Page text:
# Higher-Order Differentials

Differential of the second order of function $y={f{{\left({x}\right)}}}$ is differential of first differential of the function: ${{d}}^{{2}}{y}={d}{\left({d}{y}\right)}$.

Differential of the third order of function $y={f{{\left({x}\right)}}}$ is differential of second differential of the function: ${{d}}^{{3}}{y}={d}{\left({{d}}^{{2}}{y}\right)}$.

In general, differential of n-th order of function ${y}={f{{\left({x}\right)}}}$ is differential of its ${\left({n}-{1}\right)}-{t}{h}$ differential: ${{d}}^{{n}}{y}={d}{\left({{d}}^{{{n}-{1}}}{y}\right)}$.

When we calculate differentials it is important to remember that ${d}{x}$ is arbitrary and independent from ${x}$ number. So, when we differentiate with respect to ${x}$ we treat ${d}{x}$ as constant.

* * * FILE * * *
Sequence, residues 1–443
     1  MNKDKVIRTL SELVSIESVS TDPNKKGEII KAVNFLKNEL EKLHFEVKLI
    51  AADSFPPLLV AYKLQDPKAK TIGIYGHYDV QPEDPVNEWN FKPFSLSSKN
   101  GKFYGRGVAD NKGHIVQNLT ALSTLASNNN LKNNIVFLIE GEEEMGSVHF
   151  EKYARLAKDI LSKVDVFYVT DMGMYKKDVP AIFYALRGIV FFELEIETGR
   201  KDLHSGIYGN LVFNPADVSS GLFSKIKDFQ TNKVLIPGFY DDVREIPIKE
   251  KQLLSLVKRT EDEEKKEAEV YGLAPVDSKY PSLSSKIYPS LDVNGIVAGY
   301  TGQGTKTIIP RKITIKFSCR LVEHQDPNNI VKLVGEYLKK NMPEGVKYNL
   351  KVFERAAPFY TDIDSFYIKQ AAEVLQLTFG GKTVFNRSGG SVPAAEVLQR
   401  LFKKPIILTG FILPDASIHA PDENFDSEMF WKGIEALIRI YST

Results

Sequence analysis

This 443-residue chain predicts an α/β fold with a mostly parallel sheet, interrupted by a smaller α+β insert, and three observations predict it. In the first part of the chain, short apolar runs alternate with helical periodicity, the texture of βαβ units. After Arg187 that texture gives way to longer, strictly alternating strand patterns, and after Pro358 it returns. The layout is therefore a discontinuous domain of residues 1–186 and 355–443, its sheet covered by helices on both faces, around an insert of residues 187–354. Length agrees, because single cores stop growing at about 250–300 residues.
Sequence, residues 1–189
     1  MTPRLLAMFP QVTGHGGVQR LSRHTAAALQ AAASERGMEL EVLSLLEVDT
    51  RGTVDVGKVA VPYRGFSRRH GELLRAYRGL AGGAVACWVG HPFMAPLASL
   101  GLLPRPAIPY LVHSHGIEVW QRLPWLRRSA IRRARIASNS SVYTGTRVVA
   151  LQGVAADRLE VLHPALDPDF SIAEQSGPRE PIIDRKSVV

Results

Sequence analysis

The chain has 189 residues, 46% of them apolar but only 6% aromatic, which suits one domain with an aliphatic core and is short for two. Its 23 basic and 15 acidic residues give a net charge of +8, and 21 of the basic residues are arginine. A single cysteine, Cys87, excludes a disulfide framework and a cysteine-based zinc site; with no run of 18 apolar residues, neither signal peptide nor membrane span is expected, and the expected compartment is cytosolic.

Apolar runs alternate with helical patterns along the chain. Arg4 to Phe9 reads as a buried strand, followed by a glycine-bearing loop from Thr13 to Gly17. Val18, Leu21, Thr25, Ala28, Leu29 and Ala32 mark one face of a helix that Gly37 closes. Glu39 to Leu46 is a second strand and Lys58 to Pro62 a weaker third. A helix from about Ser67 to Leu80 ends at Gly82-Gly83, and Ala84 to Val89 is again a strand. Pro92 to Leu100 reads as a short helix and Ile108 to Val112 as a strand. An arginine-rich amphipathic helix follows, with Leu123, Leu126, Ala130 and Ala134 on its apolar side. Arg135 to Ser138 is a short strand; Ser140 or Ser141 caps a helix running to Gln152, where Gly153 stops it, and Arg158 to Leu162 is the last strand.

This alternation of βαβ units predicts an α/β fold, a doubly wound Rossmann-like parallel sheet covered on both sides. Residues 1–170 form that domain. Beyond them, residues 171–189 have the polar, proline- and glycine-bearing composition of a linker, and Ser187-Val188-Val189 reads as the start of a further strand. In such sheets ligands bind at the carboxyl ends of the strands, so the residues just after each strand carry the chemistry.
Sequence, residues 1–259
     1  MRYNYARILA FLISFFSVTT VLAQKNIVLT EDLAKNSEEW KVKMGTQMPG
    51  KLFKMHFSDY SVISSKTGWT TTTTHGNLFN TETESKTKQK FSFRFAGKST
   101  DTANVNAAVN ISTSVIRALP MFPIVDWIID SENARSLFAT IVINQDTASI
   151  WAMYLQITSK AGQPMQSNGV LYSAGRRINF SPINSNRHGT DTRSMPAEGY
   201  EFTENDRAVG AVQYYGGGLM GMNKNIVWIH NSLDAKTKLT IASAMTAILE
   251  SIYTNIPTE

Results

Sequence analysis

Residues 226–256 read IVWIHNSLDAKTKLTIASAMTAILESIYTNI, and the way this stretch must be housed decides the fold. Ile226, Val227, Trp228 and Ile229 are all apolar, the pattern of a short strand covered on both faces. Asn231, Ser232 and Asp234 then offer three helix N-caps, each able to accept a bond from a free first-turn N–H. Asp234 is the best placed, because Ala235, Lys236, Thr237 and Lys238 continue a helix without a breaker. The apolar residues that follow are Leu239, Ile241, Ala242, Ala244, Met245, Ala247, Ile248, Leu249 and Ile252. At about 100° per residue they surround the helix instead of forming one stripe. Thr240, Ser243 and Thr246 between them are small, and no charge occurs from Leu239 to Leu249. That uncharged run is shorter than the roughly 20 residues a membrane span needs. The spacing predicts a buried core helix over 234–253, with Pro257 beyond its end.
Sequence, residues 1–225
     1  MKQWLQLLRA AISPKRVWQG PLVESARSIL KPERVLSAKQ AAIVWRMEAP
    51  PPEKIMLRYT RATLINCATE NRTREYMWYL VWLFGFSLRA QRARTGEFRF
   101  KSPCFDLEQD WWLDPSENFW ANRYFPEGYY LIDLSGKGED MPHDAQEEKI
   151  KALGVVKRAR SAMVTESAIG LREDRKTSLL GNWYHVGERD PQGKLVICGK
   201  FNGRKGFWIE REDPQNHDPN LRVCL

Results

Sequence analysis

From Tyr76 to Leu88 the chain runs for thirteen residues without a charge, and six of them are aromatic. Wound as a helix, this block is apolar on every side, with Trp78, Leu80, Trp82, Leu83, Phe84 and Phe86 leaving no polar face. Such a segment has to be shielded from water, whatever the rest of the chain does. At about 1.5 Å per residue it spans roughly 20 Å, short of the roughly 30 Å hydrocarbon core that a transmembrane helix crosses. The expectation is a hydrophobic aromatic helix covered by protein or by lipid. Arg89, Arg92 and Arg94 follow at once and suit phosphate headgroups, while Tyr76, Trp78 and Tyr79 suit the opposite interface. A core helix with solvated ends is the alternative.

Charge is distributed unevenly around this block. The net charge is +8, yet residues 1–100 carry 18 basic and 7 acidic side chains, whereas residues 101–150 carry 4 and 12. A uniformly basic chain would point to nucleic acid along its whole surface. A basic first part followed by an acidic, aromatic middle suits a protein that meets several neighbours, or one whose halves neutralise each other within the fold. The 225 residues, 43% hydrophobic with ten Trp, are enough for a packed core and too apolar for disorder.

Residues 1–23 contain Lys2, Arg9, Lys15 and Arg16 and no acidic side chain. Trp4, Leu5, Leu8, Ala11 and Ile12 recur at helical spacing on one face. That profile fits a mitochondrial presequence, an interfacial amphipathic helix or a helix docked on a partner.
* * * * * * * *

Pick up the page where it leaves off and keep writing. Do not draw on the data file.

So, ${{d}}^{{2}}{y}={d}{\left({d}{y}\right)}={d}{\left({y}'{d}{x}\right)}={d}{y}'{d}{x}={\left({y}''{d}{x}\right)}\cdot{d}{x}={y}''{d}{{x}}^{{2}}$,

${{d}}^{{3}}{y}={d}{\left({{d}}^{{2}}{y}\right)}={d}{\left({y}''{d}{{x}}^{{2}}\right)}={d}{y}''{d}{{x}}^{{2}}={\left({y}'''{d}{x}\right)}\cdot{d}{{x}}^{{2}}={y}'''{d}{{x}}^{{3}}$.

In general ${\color{blue}{{{{d}}^{{{n}}}{y}={{y}}^{{{\left({n}\right)}}}{d}{{x}}^{{n}}}}}$.

From this we have that ${{y}}^{{{\left({n}\right)}}}=\frac{{{{d}}^{{n}}{y}}}{{{d}{{x}}^{{n}}}}$.

From now we can treat this symbol as ratio.